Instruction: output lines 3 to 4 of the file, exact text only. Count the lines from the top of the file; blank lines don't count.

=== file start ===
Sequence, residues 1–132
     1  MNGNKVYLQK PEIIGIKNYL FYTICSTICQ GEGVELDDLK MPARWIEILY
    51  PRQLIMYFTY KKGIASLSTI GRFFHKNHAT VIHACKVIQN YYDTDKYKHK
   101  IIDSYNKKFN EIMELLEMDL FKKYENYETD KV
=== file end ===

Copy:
    51  PRQLIMYFTY KKGIASLSTI GRFFHKNHAT VIHACKVIQN YYDTDKYKHK
   101  IIDSYNKKFN EIMELLEMDL FKKYENYETD KV